[Solution]Question 1: Wealth Grounding – Foundational Part

Answers as follows: – (a)(i) Mr T should monitor his budget as it aids him to figure out his long terms objectives/goals and provides opportunities…

Answers as follows: –

(a)(i) Mr T should monitor his budget as it aids
him to figure out his long terms objectives/goals and provides opportunities to

towards them. In addition, it ensures wise
expenditure of his funds, sheds light on bad spending habits, prevents overspending,
which in turn prepares him for emergencies and leads the path for happy retirement
days till 95 years old. The net worth for MR T as of 31st of
December 2017 $264,510 highlights a solid financial health.

Mr T’s balance sheet represents a snap shot of his wealth level (net worth)
which is derived based on the difference between his total assets after
deducting all his liabilities. The series of financial statements that can be
used to evaluate his monetary situation would be as such:

Income Statement – highlights the
revenues, expenditures and Profit/Loss for a specific period.Balance Sheet – highlights the
value of assets, liabilities and net worth at the end of the financial year.Cash Flow Statements – shows the
cash flow of the entity for a specific period

FALSE: A person’s investment assets
to net worth ratio should logically decrease, as he/she grows older.

         FALSE: Cash management helps you to manage your cash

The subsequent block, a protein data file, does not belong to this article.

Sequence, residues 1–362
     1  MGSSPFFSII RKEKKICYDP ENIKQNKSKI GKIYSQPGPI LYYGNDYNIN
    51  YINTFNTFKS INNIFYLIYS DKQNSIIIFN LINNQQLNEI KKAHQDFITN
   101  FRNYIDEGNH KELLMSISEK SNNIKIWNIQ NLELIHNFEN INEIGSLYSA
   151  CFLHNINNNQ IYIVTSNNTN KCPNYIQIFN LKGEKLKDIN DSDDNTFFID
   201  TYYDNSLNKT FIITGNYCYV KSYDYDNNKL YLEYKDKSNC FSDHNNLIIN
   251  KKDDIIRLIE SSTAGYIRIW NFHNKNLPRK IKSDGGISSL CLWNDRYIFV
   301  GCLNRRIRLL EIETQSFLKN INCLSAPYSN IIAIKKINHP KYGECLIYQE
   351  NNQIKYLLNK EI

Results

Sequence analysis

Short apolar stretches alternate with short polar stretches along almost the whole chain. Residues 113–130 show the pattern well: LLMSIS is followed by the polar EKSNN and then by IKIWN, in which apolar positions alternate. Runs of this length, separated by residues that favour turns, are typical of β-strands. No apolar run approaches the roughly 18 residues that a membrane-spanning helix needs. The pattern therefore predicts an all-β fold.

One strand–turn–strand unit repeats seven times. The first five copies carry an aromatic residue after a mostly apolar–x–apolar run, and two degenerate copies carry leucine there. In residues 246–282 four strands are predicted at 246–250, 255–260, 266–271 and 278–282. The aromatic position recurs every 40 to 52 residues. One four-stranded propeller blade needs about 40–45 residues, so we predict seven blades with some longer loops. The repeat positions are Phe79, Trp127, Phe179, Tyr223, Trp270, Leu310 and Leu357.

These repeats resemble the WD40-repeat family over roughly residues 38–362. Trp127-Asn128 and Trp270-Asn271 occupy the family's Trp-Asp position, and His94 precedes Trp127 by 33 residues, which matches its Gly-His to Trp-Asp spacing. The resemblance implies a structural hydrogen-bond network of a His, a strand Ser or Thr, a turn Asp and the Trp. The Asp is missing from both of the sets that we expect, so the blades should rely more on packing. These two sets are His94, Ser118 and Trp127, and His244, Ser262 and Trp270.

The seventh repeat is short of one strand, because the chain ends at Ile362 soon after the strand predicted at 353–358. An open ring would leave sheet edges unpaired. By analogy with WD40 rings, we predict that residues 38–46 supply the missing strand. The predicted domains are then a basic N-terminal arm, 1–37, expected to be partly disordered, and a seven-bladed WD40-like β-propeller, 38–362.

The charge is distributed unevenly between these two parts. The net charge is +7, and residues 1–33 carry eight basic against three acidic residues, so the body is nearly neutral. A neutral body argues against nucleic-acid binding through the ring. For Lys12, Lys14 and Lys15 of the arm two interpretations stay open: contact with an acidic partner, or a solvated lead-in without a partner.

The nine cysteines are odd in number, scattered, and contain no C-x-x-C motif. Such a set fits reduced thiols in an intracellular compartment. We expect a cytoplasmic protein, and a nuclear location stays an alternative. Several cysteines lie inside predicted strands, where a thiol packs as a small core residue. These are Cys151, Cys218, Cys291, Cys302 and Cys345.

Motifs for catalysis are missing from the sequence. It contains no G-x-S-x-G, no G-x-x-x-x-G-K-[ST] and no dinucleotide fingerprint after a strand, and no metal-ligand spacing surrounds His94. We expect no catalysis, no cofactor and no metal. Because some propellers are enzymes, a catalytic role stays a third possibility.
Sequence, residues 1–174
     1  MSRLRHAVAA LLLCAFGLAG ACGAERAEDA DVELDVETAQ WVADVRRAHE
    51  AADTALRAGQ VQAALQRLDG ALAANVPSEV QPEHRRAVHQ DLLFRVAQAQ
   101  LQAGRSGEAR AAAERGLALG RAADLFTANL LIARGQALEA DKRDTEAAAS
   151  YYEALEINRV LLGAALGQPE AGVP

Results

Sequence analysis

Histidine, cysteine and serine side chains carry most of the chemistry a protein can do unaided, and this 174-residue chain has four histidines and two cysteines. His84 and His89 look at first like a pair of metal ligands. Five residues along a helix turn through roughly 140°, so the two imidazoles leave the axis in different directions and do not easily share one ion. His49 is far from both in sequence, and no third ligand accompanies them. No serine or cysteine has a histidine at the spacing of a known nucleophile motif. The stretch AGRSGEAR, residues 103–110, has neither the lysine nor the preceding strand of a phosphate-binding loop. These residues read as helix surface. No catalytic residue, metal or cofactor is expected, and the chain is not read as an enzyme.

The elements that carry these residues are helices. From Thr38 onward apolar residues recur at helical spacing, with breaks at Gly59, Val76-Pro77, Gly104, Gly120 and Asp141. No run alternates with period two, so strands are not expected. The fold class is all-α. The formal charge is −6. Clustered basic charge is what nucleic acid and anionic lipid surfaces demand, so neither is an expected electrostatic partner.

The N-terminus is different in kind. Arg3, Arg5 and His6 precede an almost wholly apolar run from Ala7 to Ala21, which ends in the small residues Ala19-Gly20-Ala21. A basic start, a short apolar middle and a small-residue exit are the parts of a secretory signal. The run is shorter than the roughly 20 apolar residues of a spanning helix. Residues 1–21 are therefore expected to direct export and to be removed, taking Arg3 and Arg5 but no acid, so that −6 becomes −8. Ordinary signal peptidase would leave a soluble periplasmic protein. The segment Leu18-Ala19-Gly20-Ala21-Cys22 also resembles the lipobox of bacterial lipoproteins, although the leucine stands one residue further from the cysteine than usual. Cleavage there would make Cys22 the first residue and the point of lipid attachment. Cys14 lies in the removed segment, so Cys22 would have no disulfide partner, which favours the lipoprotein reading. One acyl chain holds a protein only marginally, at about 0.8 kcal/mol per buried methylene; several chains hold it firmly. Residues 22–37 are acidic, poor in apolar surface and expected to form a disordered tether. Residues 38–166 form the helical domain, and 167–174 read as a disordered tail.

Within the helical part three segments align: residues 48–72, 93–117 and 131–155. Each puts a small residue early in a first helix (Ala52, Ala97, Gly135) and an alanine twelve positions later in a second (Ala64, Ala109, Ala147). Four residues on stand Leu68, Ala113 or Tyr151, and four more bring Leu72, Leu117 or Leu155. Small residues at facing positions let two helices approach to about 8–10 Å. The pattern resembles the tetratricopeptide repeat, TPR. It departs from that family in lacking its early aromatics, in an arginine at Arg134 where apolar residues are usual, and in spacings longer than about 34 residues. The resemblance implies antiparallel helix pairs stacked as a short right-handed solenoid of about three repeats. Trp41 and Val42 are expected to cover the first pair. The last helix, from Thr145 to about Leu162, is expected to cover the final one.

on a day-to-day basis; hence, it has no relation with long -term       

         financial goals.

         TRUE: The rule of “72” says that, at 10% interest,
it takes a little more than 7 years to double your money.

         TRUE: Liabilities are normally reported at their
current fair market value.

         FALSE: If you can cut your spending by 5% that
would be equivalent to getting a 5% raise.

         TRUE: When budgeting monthly income, you should
exclude one-off items such as a 3-month year-end bonus

         FALSE: When a person’s cash flow statement shows a
surplus, this means that funds are ready to be used.

         TRUE: No one financial ratio tells the whole
story, hence we need to look at a few ratios to get an overall

         picture of an individual’s financial

Size and amount of funds needed in times of emergency varies from household
expenditure, lifestyle, monthly costs, income

          and dependents. Based on the experts’
advice and rule of thumb, Mr T needs to put aside enough money to cover minimum

          three to six months’ worth of living
expenses. Based on the cash assets Mr T have in both his savings and fixed
deposit account,  

      he has sufficient emergency funds to
sustain his routine lifestyle as per the thumb rule.

(c)   The two primary ratios that is used to
determine the appropriate level of Mr T’s debt would be: –

Debt to Asset Ratio – Total
Liabilities ÷ Total assets

$296,910 ÷ $561,420

= 52.89 %

If the calculated ratio is less than 50%, it
denotes that Mr T is considered solvent and he has no issues settling the
expenses that is classified under the liabilities column. On the contrary,
since his readings are slightly over the 50%-mark, Mr T needs to fine tune his expenses
in the upcoming months and years.

Debt Service Ratio – Total
monthly debt repayments ÷ Monthly take-home income

$55,910 ÷ $109,000

= 51.29%

As the ratio reading is above 45% which is
fairly high, thus Mr T should take adequate steps to decrease this reading to
the desired levels of below 35%.


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